Saturday, October 9, 2010

Old School Resources: Dragon Tree Spell Book

Dave Hargrave wasn't the only one publishing gonzo, D&D-esque gaming materials in the late 70's and early 80's. In addition to the Arduin materials, Ben and Mary Ezzell of Dragon Tree Press were (and still are) publishing materials for their own fantasy setting, dubbed Delos (any similarity to the Greek island of Delos, and the Delian League is purely coincidental).

In addition to The Delian Book Of The Dead (which I previously reviewed), Dragon Tree Press published The Dragon Tree Spell Book ("the Spell Book"), which is a compendium of magic spells compatible with Dungeons and Dragons. First published in 1981, The Spell Book is 135 pages, contains 224 unique spells, and can still be purchased from Dragon Tree Press, for $12.

Some of the more interesting spells within The Spell Book include:
  • "Weed-killer", this spell withers weeds -- handy for clearing out an overgrown area;

  • "Andrea's Rambling Clew" -- the material component is a ball of yarn, which unrolls as it provides a trail towards your intended destination;

  • "Gordian Knot" -- a spell for ensuring theives cannot untie a knot to raid your backpack or sack;

  • "Snap, Crackle, Pop" -- a spell which creates tiny globules across a flat surface, which make loud popping sounds if walked upon;

  • "Foghorn" -- allows a player to amplify her voice, so she can address large crowds;

  • "Percival's Phosphorescence" -- enchanted items collect sunlight, and can thus be used as no-fire torches underground; and

  • "Brother Bertram's Body Bag" -- a corpse placed within the body bag will cease to decay, useful when you want to resurrect someone but it will be several days before you can do so.

There are some interesting and useful spells in The Spell Book. But the real value to be derived from The Spell Book is within the first 27 pages.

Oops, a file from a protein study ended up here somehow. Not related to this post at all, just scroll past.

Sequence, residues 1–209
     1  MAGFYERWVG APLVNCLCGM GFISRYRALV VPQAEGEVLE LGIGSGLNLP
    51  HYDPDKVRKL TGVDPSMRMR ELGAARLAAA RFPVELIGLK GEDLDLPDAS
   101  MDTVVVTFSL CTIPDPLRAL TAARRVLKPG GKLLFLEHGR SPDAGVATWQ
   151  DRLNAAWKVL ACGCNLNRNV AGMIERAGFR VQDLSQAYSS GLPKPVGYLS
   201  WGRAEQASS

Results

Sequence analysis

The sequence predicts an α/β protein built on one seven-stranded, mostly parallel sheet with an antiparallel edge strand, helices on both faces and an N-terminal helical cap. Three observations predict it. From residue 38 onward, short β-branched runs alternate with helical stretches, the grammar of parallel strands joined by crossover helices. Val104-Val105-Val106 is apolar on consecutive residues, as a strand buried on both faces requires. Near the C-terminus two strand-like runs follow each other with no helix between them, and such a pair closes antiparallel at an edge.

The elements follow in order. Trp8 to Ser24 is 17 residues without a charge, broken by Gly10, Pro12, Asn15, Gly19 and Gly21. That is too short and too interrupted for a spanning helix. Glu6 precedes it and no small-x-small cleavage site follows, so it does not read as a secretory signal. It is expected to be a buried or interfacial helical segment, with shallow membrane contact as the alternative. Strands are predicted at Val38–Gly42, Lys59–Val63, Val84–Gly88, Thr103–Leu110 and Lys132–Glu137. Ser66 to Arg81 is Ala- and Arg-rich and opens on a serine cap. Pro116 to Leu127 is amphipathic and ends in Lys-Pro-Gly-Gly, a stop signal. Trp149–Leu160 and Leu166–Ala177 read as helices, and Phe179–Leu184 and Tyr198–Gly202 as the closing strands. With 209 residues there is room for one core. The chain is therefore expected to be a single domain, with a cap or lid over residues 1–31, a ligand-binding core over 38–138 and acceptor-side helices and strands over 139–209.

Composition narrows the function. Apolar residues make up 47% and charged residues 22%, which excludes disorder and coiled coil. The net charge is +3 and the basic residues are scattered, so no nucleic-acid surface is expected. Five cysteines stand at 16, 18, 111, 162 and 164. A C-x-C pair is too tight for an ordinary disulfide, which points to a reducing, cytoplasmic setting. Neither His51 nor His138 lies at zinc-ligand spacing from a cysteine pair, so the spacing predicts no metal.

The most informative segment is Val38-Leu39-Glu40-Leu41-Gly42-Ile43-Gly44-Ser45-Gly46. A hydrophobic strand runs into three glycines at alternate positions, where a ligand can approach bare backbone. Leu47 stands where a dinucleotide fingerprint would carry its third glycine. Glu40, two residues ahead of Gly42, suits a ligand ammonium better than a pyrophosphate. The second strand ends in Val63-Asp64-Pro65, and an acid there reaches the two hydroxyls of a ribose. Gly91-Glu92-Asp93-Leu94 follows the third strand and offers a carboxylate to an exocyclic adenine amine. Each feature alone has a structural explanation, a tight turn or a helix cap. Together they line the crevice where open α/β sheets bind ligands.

Those first 27 pages provide a summary of Newton's Principia Arcana, an ancient tome that reveals the four types of magical mana, from which are derived five magic systems. The derived magic systems are:

  • Memorization System -- similar to the Vancian system of spell-casting employed in Dungeons and Dragons;

  • Local Mana System -- similar to the system used in D&D's Dark Sun setting, or Niven's "The Magic Goes Away", there is a certain amount of magic power within a given area, and spell-casters who use up the magic power in that area, must then move to another area in order to continue casting;

  • Personal Mana System -- each spell caster has a certain amount of magical mana within himself, and can cast any spell until his personal mana is exhausted. Then he must eat and rest for a certain amount of time to restore his personal mana;

  • Percentage and Fumble System -- magical essense is abundant, but hard to control. Spell casters can cast spells, but there is always a chance that a spell will backfire or result in some catastrophe; and

  • Impromptu Magic System -- spell casters can make up any spell, but their chances are dependent on certain laws of spell casting. Those laws are identified in the Impromptu Magic System, and adherance to those laws affects the chance of spell success. This system is similar to DeCamp and Pratt's magic system, as described in The Compleat Enchanter.


JDJarvis said...

Got this book sitting six feet from my computer right now, under a stack of arduin grimoires.

The variant spell systems are certainly a good read and were an eye opener to me on how to stretch the magic system, for a campaign back in the 80's, still good today really.

Bluebear Jeff said...

I also have this book downstairs (as well as all of the original Arduin books and dungeons, of course) . . . and the original little D&D books and supplements.

I just came across your blog today and am enjoying it.

A slightly belated Canadian Thanksgiving back at you (I'm on Vancouver Island in BC) . . . and I just finished a "yuck sandwich".

And, you ask, "just what is a 'yuck sandwich'?"

Gravy on one slice of bread, cranberry sauce on the other; dressing on the gravy side, turkey on the cranberry side. Fold together and you've got a "yuck sandwich" . . . which despite the name is quite tasty.

-- Jeff

Aaron E. Steele said...

I eat those all the time. We usually have turkey buns a couple of hours after thanksgiving dinner, complete with gravy, cranberries, turkey and stuffing. Don't forget the dill pickle.

Aaron E. Steele said...

Jeff, which one of your blogs should I be following? Bluvardy? Emperor v Elctor?

Bluebear Jeff said...

I'm the owner of "Emperor vs Elector" group blog (80-some members), but it is for 18th century Imagi-Nations.

My main blog is "Saxe-Bearstein", but it is primarily geared toward historical gaming (as are most of my blogs).

Bluvardy is my RPG blog . . . but it is mostly about my system and I haven't actually been running any games lately.

So, you get to choose depending upon your interests.

-- Jeff